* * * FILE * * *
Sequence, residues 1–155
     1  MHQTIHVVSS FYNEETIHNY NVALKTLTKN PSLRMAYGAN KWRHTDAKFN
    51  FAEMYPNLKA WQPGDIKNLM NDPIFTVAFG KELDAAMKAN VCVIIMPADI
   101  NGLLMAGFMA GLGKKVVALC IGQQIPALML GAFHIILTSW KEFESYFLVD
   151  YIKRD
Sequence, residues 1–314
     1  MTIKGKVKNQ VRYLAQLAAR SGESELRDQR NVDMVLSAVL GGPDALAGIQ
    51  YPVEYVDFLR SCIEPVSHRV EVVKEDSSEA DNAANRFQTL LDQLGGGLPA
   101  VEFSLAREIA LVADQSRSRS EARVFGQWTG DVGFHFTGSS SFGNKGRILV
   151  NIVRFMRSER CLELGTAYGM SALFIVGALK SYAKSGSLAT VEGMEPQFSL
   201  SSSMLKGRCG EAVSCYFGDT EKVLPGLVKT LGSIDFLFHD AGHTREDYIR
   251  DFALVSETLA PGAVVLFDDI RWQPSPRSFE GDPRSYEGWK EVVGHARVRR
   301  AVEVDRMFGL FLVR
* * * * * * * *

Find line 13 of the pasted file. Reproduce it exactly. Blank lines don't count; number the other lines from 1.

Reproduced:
   301  AVEVDRMFGL FLVR